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What type of an attorney do we need to sue our Mortgage Company for Fraud & misrepresentation?

Roanoke, VA |

Our Mortgage company encouraged us to apply for a loan Modification. As part of the application process they also encouraged us to NOT make payments in the interem. They later denied this and tried to foreclose on our home. We had to file Ch 13 BK to save our home. Two years later they "again" encouraged us to apply for a loan modification for "people in bankruptcy". This time they supposively approved the application but then changed the terms more than once and never put anything in writing. We have not only endured years of anxiety dealing with this, but our credit is ruined as a result of bankruptcy , and we currently are once again facing possible foreclosure. This is NOT due to non-payment, but rather due to there fraudulent business practices. Unfortunately we are not alone!

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Filed under: Credit Foreclosure Fraud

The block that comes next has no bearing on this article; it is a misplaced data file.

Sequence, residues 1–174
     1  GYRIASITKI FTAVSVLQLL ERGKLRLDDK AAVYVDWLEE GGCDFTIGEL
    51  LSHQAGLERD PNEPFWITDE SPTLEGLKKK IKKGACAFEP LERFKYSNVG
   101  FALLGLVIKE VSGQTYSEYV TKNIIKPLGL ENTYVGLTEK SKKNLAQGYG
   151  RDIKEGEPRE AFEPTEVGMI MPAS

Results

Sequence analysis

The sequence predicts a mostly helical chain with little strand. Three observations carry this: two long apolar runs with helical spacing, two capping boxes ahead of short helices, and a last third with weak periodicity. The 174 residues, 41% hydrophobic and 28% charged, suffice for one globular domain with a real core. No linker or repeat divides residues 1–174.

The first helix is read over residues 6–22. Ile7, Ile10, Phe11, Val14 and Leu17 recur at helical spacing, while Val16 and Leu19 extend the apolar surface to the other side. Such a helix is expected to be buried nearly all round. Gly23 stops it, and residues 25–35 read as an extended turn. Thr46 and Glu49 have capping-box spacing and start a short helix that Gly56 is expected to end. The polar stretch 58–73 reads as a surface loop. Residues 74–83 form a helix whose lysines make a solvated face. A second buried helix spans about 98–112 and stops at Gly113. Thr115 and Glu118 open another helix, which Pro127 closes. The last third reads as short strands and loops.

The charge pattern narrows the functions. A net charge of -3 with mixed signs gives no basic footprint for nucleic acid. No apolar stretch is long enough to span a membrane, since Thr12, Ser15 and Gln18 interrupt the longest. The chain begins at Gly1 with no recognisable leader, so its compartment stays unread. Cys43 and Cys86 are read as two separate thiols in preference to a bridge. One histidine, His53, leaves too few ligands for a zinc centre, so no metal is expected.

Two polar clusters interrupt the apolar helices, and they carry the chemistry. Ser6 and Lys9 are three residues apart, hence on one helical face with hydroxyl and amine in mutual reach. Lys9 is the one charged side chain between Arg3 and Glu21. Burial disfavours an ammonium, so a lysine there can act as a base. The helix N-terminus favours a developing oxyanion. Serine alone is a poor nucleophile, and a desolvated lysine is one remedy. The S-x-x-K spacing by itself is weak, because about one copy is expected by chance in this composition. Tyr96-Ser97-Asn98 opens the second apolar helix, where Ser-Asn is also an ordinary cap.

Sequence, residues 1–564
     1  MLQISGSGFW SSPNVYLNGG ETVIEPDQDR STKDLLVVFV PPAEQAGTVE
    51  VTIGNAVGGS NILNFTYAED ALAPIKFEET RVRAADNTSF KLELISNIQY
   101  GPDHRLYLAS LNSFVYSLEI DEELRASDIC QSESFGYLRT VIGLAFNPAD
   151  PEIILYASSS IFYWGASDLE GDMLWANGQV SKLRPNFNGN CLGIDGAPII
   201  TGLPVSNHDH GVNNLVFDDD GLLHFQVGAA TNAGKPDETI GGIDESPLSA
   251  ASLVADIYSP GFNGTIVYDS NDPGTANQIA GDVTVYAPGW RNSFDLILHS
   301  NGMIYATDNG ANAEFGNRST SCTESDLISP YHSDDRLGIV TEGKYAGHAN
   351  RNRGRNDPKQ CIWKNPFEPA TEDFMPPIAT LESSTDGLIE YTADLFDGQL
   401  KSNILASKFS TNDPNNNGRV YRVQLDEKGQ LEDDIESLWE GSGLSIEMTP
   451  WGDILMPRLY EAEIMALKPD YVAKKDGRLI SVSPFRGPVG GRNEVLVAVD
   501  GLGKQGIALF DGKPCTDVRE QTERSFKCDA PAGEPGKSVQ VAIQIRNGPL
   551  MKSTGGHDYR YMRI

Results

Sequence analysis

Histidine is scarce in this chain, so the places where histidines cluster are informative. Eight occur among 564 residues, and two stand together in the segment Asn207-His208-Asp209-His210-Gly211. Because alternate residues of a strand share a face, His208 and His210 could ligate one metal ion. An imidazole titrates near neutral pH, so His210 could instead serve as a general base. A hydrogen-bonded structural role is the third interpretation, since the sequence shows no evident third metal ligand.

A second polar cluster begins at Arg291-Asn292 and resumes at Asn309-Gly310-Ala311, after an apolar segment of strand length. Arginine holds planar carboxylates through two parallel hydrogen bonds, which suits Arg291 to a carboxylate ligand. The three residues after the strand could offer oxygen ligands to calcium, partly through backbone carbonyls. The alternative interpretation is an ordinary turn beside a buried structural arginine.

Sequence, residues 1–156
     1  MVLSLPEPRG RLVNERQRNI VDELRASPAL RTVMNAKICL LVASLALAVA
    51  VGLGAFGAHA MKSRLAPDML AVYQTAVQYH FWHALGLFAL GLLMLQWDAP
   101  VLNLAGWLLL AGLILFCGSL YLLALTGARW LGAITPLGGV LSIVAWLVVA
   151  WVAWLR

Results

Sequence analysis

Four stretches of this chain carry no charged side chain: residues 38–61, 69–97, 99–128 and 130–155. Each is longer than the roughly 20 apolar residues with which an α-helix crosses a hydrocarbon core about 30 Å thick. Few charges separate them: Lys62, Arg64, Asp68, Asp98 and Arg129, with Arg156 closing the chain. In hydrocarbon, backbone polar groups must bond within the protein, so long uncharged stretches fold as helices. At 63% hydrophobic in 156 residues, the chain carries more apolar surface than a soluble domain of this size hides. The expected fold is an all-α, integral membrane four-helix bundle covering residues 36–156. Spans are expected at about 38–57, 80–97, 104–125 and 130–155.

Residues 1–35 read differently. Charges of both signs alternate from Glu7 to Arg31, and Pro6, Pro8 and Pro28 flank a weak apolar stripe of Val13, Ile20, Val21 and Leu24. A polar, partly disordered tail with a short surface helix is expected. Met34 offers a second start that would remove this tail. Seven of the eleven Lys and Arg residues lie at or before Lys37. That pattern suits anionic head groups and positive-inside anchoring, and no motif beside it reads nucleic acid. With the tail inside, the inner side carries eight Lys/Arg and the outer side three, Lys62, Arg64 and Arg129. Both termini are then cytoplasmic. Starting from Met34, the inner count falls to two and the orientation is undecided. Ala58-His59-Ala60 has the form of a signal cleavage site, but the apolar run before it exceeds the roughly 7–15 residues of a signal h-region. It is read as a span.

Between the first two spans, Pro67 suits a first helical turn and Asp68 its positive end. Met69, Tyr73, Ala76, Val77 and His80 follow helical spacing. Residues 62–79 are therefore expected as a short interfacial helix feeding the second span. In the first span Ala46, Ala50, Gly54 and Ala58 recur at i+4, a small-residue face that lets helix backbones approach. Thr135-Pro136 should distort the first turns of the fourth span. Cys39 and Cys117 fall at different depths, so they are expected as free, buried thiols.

Attorney answers 1


Consult a foreclosure lawyer for help. Since your lender doesn't have to modify your loan (just like parties are never obligated to negotiate a contract they reached), this will be a tricky suit. I don't think you have a good chance with a fraud claim, since fraud requires a material misrepresentation of fact that you rely on, and I don't think you can prove reliance because you're not changing your position in reliance on anything they're telling you, like turning down a refinance from another bank. They're the only game in town for your loan because they own it, so there's no market they have to compete in.

But you may be able to claim some unfair business practice, such as in the "robo-signings." Yes, there are many people with similar complaints, so some lawyers are developing expertise in suing these banks. Whether they're successul, I don't know.

I'm only licensed in CA. This answer doesn't make me your lawyer, and neither do follow-up comments and/or emails and/or phone calls --- we need an actual agreement confirmed in writing before any attorney-client relationship is formed. Thiss answer does not constitute legal advice, and should not be relied on, since each state has different laws, each situation is fact specific, and it is impossible to evaluate a legal problem without a comprehensive consultation and review of all the facts and documents at issue.